The Troll Slayer’s Motto: Ignore the idiots. Cage the trolls. Never Accept Abuse.
It’s hard to read “tone” into a tweet or even an extended comment on a blog. But it’s easy to spot when a contributor has nothing but vitriol to spit out online. These folks are the reason so many web users are lurkers rather than participants. They are the reason Twitter is drowning under a flurry of spam and hate and mlm-marketing.
I am no Avenger for Right, but I do know a troll when I see one. And occasionally I take them on. It could be one of several reasons that I take up opposition to a troll:
1. I really hate what they are saying (mostly Faux News regurgitation)
2. Someone is just being plain mean. There’s no point in their name calling. There is no logic to discourage them. Ignoring isn’t working.
3. For fun. Clearly a jerk is pontificating but when asked to point to sources or links that confirm their “truths” they can’t cite one. Okay, maybe the Drudge Report. But hey, I don’t lead with HuffPo.
4. They’ve attacked me personally or professionally.
Do you remember the early days of “the net” when we used .alt boards to do FLAMES. alt.austin.flame.us (I don’t have the exact address) was a pretty fun place to get your smack talk on. It was harmless. There was very little bleed into our professional lives. And there was no linkedin or twitter to track stuff like this. So, we flamed. And it was a game. And it was fun. And it was a war of words and wit. And it was all in good fun. Contained within the FLAME board there was very little chance that your remarks and retorts were going to be taken out of context.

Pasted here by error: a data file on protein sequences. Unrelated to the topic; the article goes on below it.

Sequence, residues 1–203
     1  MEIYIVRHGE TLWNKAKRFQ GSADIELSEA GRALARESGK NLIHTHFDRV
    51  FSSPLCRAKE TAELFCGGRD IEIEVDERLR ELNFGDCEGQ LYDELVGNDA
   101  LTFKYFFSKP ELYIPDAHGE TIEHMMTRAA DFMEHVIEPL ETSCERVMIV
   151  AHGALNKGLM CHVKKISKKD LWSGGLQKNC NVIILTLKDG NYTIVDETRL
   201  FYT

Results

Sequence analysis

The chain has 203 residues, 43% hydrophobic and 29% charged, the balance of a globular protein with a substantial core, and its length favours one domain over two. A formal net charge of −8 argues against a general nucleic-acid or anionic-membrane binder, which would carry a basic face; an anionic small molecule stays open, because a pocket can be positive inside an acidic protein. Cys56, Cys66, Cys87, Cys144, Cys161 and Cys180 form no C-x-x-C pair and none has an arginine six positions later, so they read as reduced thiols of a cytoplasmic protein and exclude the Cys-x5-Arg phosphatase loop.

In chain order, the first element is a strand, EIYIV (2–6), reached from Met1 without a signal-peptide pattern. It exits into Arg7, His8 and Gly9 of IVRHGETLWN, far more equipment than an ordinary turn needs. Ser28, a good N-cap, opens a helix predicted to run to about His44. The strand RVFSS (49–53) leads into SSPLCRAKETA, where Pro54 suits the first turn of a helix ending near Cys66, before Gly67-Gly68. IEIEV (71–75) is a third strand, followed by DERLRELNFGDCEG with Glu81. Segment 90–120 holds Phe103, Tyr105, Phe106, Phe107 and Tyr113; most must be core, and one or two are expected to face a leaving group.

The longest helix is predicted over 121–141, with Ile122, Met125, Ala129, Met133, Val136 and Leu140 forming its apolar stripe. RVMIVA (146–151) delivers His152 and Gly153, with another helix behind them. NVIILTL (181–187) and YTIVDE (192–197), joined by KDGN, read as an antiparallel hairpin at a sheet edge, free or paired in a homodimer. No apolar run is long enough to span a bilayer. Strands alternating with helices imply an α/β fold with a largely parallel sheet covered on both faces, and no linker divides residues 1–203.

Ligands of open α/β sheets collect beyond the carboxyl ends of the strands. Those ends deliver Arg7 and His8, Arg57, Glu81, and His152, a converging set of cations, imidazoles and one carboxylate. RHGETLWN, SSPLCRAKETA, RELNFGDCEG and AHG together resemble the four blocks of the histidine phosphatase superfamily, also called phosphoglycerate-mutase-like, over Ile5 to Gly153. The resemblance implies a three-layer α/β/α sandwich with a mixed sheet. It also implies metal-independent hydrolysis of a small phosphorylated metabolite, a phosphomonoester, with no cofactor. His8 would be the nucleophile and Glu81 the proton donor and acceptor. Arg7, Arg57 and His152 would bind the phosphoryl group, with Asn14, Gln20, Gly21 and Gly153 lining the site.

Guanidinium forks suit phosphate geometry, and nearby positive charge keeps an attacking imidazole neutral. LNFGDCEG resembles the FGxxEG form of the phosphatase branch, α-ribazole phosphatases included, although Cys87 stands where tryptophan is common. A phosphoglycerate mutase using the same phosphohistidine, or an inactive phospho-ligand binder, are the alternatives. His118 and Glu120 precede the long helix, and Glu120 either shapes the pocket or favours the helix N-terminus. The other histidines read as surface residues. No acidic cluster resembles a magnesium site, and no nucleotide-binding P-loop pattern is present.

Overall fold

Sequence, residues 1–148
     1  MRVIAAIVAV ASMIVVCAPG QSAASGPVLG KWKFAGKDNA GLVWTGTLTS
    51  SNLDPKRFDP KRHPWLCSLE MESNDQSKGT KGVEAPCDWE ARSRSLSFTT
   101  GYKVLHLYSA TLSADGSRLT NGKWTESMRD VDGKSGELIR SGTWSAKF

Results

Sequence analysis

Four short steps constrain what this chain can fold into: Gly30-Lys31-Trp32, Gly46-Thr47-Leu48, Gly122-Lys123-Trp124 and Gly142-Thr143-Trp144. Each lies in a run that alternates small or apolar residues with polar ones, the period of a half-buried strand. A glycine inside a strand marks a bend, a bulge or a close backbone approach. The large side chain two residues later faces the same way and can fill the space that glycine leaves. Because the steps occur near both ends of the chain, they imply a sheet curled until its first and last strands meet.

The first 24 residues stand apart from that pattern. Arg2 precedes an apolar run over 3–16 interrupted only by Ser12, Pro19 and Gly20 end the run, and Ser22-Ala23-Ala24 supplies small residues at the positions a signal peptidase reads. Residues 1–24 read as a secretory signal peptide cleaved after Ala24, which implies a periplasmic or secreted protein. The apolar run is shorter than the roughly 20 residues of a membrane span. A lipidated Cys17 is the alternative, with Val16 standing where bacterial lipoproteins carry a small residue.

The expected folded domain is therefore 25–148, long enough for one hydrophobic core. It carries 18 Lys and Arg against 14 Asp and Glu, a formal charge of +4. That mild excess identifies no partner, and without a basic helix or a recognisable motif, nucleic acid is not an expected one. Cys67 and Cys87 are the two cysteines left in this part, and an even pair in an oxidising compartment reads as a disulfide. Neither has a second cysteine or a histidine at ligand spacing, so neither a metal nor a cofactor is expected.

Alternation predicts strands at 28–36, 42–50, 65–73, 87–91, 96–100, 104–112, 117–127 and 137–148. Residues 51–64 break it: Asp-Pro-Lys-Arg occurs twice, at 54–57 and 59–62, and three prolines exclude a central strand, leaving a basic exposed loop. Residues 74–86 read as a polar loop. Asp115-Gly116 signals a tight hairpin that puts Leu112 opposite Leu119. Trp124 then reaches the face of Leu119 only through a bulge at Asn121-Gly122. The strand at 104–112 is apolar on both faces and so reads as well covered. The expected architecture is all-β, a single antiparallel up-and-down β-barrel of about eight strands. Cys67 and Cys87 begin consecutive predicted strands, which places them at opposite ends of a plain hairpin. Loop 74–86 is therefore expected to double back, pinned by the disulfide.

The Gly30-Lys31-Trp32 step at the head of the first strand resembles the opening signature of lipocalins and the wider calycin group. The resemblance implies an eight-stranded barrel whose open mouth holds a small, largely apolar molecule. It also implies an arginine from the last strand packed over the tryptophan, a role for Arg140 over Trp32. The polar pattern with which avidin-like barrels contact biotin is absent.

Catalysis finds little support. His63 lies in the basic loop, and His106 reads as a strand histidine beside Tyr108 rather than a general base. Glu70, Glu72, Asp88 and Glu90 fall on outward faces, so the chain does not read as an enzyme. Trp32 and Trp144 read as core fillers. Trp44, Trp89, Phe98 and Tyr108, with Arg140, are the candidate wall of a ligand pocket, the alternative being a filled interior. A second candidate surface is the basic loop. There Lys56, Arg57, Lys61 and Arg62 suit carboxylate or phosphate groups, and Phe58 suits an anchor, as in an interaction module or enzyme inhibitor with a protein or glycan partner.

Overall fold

And there were some good flamers. People that could write circles around my arguments, even if I thought I was right. Mostly it was just playful hyperbole and name calling. But it was really some smart people letting off steam.
Then came Twitter, LinkedIn, Facebook, blogs, and all the rest. And Trolls became a nuisance.
And occasionally I would lock horns, or tweets, with someone who really didn’t know how to flame or argue or play by any rules of logic or fairplay. It’s okay, cause it was a troll, but you’d at least expect a fair fight, a descent argument, a reasonable participant on the other end. Often you got a troll. Still, even rolling a troll off a bridge of his own making is fun. And as you can guess, it’s not hard to get under their skin. Obviously something was prickling them already.
Facebook, in recent past, has been the most fun arena for troll hunting. Mostly in the political stances of the WAY RIGHT, TEA Party, and Fox News drones.
Here are the ground rules I set for myself when attempting a takedown.
1. Never be rude. Be firm. Ask for substantiation of facts. Refrain from emotional responses or retaliatory attacks.
2. Always have the facts on your side. Links, backup material, knowledge, first hand experience. If they can’t show the truth they will have a hard time telling you that what they are saying is the truth.
3. Abusive or threatening behavior should be reported. (Most social networks have reporting mechanisms. If someone starts getting ugly, or vicious, don’t hesitate to alert the network of their unacceptable behavior.
4. Attempt to listen. (Sometimes it’s hard. You want to go in for the kill, before paying attention to the heart of the other person’s argument. If it’s truly a troll, there is no heart it’s all bear.)
5. Caging a troll is better than slaying one. If you can keep the troll in the discussion long enough for them to be bested (intellectually or verbally) it makes for a more satisfying experience.
6. When things escalate to name calling or threatening behavior, it’s time to either go for the kill or remove yourself from the fray. It can be honorable to walk away from the fight, when the opponent is in the process of self-abuse.
The Troll Slayer’s Motto:
Ignore the idiots. Cage the trolls. Never Accept Abuse.